History of Stocisim:
Early Stoa - Zeno, Cleanthes, and Chryssippus

This is a picture of a Stoae, a Greek name for a porch or covered walkway. Stoa Poikile in Athens was the “painted porch” from which Zeno of Citium lectured and from which Stoicism was named.

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An important period in Greek history known as the Hellenistic Age began around 323 B.C. and marked a transition from a society based on citizenship to that of self-sufficiency. Three new schools of thought, inspired by the teachings of Socrates, emerged during this time; Epicureanism, Skepticism and Stoicism. Stoic philosophy was considered to be one of the most influential and stressed the importance of coping with positive and/or negative circumstances by detaching oneself from any emotion through apatheia (indifference) to reach the ultimate goal, peace of mind. Stoics adopted some of their ideas on cosmology from Heracleitus of Ephesus and concepts on metaphysics from other pre-Socratic philosophers. Stoics can be described as determinists and fatalists. In simple terms they believe that all events are determined by fate, true knowledge is acquired through perception and that human beings are to live in harmony with nature in accordance with nature.

Zeno of Citium is the founder of Stoic philosophy. Born on Cyprus in 335 B.C., he was the son of a merchant named Mnaseas and went to Athens in 313 B.C. where he received his education. He studied under Crates of Thebes (the Cynic), Xenocrates and Polemon. He was a merchant until he began the stoic school of philosophy at age 42. Originally called Zenonians, Zeno’s followers became known as Stoics in reference to the stoa poikile or “painted porch” that he lectured from. He separated the concept of stoicism into three parts; logic, physics and ethics. Unfortunately, his legacy does not include any of his written works. He was said to have lived a simple life and was well respected. He died in 264 B.C. After falling and injuring his foot he is quoted by his student Diogenes Laerius as saying “I am coming, why do you call me thus?” and then proceeded to strangle himself. Upon his death, his student Cleanthes succeeded him at the school.

Cleanthes of Assos was born around 331 B.C. in Asia Minor and was a boxer prior to coming to Athens. He worked as a night water-carrier for a gardener so that he could attend the lectures of Crates the Cynic and Zeno by day. Although he was hardworking, patient and even-tempered he was nicknamed “the ass” because he wasn’t as bright as his peers. He included poetry in his writings, but few have been preserved, the most notable is his “Hymn to Zeus” which reflects his religious nature and can be viewed at www.geocities.com/WestHollywood/Heights/4617/stoic/zeus.html. He is credited with a theory that the energy of the soul in the after-life is directly related to the energy of the soul during life on earth. David Hume incorporated Cleanthes as a character in his “Dialogues Concerning Natural Religion.” He suffered from an ulcer and fasted for a short time, but decided to continue because he considered himself at the half-way point to death. He died around 232 B.C. Chrysippus studied under him and succeeded him as president of the school.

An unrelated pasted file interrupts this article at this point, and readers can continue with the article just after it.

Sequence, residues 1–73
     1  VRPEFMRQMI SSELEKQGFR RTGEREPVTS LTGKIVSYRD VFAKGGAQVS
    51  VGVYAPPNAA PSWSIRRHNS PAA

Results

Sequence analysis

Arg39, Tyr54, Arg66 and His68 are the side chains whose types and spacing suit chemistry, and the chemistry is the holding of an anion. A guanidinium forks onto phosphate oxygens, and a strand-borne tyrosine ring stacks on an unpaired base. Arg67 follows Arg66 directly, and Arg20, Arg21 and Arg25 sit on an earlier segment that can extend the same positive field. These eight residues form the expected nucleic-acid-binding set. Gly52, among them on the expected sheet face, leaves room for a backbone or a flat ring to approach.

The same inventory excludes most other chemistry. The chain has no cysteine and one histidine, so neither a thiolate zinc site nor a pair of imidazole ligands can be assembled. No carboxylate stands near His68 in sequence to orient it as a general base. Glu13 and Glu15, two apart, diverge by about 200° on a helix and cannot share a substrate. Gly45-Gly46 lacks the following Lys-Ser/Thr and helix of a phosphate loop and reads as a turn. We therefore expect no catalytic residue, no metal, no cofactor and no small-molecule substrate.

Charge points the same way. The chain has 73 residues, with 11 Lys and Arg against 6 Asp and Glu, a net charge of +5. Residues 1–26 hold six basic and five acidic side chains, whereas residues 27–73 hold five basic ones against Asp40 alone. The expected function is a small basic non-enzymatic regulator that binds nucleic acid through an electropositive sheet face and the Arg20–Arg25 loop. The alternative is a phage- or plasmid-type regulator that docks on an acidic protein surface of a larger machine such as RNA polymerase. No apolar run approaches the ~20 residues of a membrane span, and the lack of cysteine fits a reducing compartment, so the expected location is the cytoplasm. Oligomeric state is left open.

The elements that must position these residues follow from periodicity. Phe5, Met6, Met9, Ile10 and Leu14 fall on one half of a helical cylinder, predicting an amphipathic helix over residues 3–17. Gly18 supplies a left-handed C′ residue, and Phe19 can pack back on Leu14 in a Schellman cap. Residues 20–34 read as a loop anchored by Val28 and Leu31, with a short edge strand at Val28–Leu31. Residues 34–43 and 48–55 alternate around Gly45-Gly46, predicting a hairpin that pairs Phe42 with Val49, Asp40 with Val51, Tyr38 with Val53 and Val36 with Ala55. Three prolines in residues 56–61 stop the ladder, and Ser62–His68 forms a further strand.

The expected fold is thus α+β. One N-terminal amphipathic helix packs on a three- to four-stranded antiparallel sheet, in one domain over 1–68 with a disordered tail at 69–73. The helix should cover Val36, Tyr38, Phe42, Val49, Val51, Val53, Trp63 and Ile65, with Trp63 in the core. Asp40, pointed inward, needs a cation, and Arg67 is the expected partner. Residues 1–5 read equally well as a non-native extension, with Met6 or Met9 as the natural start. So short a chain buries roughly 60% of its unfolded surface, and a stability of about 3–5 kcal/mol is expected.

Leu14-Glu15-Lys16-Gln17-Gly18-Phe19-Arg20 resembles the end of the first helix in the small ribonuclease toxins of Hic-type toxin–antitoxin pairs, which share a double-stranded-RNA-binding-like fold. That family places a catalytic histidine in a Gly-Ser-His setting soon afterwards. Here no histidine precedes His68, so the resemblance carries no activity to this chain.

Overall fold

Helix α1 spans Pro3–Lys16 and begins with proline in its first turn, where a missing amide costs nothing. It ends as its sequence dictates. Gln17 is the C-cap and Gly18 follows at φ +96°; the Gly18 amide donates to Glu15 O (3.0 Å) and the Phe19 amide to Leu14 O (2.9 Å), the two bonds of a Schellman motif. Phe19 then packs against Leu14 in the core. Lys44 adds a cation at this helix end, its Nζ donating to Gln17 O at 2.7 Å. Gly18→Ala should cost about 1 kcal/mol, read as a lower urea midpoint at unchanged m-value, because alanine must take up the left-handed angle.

Chrysippus was born in Soli, Cilicia Campestris in 280 B.C. The loss of a considerable amount of inherited property prompted him to move to Athens and study philosophy. He was interested by the teachings of Zeno with whom he studied for a short time before becoming a student of Cleanthes. He enjoyed employing his skills in debate and wrote on a daily basis many on the subject of prepositional logic. All that remains of his works are references made in the later writings of a few, including Cicero and Seneca. Although Chrysippus shared Cleanthes beliefs, he did not support the methods by which he delivered them. Chrysippus’ many works drifted away from the poetic style of Cleanthes and presented the ideas of stoicism in a more direct way. He believed that true nobility had to be earned through altruistic deeds, not inherited. Chrysippus thought intellect and the ability to reason and sympathize were important attributes. He also subscribed to the notion that human beings should develop the qualities that set us apart from the animal i.e. knowledge, courage, honesty and temperance. He believed that all events occur by fate and happen in a realistic order. Chrysippus died in 207 B.C. A true account of his death is not know, but it is said that he gave his donkey wine and died of laughter watching the animal try to eat figs.

Each of these men made an important contribution to early Stoic Philosophy and although very little of their work still exist, their ideas have survived and help us understand how many citizens adapted as Hellenistic Greece changed from a free city-state to an empire.